Contract drafting and contract negotiation is important. We all know that. No surprises there! But, when it comes to drafting a contract and negotiating terms and conditions, it is important to be fair and reasonable because a contract has to be an equally allocated give and take of risks. A truly one-sided contract is more than often a recipe for disaster because it is unreasonable and written such that the other party is destined to fail.
Ideally, the party best equipped to manage a risk should have responsibility in bearing that risk. Every project is different (different client, price, scope, complexity, project delivery method, etc.) so there are different risk assessment considerations. And, certain risks that you will assume in one contract does not mean you will assume the same risks in another.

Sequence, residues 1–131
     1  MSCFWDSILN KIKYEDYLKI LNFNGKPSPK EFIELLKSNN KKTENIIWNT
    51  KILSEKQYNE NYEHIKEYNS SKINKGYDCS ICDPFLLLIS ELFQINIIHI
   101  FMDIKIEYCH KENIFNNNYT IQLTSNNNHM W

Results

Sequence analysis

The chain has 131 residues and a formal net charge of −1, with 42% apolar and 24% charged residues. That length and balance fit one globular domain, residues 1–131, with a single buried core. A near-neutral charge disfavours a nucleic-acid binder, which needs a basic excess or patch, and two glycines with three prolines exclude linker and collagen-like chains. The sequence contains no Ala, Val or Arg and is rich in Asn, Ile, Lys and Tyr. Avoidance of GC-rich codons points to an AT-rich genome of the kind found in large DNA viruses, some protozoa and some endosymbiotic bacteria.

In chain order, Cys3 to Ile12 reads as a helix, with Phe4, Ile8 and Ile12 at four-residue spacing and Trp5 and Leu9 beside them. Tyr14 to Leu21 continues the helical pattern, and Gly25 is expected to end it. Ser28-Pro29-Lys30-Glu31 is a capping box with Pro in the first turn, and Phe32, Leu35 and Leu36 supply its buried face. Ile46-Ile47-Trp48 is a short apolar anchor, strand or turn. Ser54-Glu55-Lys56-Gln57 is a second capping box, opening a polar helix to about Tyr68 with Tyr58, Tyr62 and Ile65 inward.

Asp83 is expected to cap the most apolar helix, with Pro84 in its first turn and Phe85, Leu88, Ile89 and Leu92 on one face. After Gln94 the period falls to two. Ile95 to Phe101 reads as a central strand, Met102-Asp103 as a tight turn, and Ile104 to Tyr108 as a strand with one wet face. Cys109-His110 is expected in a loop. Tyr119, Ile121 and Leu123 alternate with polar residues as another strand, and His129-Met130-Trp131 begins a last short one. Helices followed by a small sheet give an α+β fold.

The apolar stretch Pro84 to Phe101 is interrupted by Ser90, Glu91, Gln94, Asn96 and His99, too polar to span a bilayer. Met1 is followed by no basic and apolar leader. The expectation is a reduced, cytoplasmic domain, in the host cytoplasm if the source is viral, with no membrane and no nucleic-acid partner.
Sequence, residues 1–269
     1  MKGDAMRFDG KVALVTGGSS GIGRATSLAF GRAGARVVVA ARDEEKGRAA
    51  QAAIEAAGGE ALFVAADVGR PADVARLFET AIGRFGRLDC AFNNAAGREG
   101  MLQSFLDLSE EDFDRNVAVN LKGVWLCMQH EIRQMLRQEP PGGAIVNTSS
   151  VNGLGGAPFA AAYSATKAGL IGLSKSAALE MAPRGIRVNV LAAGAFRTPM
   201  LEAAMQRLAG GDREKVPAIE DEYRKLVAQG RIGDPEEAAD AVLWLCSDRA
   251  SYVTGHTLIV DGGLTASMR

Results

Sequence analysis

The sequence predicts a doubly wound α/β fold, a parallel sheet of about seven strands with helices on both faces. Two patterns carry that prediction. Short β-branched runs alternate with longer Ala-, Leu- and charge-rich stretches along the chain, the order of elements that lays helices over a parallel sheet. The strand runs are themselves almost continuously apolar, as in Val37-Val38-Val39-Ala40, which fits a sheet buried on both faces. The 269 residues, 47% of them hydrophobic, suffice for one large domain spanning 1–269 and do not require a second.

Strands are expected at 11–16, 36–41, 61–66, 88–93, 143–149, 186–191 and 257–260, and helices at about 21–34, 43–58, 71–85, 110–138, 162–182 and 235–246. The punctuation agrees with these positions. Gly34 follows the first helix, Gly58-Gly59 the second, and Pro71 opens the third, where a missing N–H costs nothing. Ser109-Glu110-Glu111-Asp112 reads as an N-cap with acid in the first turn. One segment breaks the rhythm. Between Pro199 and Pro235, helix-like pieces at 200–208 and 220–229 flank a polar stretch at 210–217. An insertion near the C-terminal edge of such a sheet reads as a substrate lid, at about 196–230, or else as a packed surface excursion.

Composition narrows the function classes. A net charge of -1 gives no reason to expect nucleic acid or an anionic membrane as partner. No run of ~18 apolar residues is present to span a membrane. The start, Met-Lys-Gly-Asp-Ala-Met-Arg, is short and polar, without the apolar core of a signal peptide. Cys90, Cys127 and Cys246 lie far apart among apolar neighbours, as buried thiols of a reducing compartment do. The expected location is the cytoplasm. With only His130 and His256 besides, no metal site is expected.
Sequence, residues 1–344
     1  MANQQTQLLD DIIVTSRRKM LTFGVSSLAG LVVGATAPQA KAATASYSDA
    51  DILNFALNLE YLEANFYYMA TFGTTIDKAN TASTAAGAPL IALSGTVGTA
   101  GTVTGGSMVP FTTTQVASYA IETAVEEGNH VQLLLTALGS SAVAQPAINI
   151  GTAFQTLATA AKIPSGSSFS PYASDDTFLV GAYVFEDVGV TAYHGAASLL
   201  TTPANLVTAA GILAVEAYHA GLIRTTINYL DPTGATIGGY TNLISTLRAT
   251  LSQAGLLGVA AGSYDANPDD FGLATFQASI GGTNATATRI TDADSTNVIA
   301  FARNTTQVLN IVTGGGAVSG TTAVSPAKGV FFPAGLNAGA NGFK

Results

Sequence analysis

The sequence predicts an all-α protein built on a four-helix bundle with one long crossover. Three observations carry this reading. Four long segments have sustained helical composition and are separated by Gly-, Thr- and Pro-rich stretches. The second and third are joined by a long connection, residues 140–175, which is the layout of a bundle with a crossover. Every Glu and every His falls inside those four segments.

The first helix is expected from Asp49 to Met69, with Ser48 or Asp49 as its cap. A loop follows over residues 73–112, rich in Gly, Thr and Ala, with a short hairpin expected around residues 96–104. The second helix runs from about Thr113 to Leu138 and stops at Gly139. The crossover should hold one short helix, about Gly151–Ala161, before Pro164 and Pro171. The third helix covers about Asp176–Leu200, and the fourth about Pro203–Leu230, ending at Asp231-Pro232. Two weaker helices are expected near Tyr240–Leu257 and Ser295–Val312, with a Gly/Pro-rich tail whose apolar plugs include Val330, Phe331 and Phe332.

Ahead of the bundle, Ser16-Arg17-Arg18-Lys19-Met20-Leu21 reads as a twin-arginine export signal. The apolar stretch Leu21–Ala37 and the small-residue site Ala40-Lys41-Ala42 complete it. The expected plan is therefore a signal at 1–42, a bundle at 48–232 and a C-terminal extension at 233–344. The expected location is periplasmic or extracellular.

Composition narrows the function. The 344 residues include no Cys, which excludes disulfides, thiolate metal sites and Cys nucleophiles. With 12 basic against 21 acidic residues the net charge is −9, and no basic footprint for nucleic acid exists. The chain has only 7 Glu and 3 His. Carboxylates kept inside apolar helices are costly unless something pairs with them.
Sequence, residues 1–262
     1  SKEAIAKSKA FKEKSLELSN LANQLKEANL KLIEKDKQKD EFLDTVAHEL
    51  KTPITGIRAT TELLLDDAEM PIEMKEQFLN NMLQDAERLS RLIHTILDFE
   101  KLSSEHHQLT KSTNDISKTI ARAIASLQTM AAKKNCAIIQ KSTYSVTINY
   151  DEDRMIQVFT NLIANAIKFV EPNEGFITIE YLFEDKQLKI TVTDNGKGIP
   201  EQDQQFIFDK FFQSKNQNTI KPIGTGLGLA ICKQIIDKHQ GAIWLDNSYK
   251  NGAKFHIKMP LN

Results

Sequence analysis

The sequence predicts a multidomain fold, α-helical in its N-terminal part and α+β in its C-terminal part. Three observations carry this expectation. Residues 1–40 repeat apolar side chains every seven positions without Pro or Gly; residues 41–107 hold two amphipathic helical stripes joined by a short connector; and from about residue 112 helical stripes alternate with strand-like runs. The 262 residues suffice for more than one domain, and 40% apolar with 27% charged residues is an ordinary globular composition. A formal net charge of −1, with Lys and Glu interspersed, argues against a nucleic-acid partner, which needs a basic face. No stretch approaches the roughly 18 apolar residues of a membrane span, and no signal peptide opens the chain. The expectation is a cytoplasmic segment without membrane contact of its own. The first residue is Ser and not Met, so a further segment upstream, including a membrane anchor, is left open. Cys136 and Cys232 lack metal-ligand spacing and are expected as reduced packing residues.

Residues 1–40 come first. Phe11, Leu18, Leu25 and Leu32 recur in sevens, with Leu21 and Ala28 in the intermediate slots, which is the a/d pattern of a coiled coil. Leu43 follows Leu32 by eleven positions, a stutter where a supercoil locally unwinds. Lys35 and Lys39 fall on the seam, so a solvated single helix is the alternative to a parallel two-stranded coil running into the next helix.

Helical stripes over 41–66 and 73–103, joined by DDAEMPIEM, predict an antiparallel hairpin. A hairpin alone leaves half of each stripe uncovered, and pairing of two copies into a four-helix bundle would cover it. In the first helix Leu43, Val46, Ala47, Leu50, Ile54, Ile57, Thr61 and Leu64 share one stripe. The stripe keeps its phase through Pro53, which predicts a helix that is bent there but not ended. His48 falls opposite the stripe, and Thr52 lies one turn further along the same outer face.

For me, when it comes to contract drafting and negotiation, I like to consult with the client to understand the dynamics of the project and risks the client foresees with the project. This helps me appreciate the client’s business objectives relating to the project and the type of risks the client may be willing to fairly and reasonably assume. I also start with a spreadsheet of those key issues prevalent in many construction contracts which may expand based on the client, price, scope, complexity, project delivery method, and other risk assessment issues pertinent to the project. Below is an example of a spreadsheet of owner and contractor considerations with respect to the drafting and negotiation of a prime contract.
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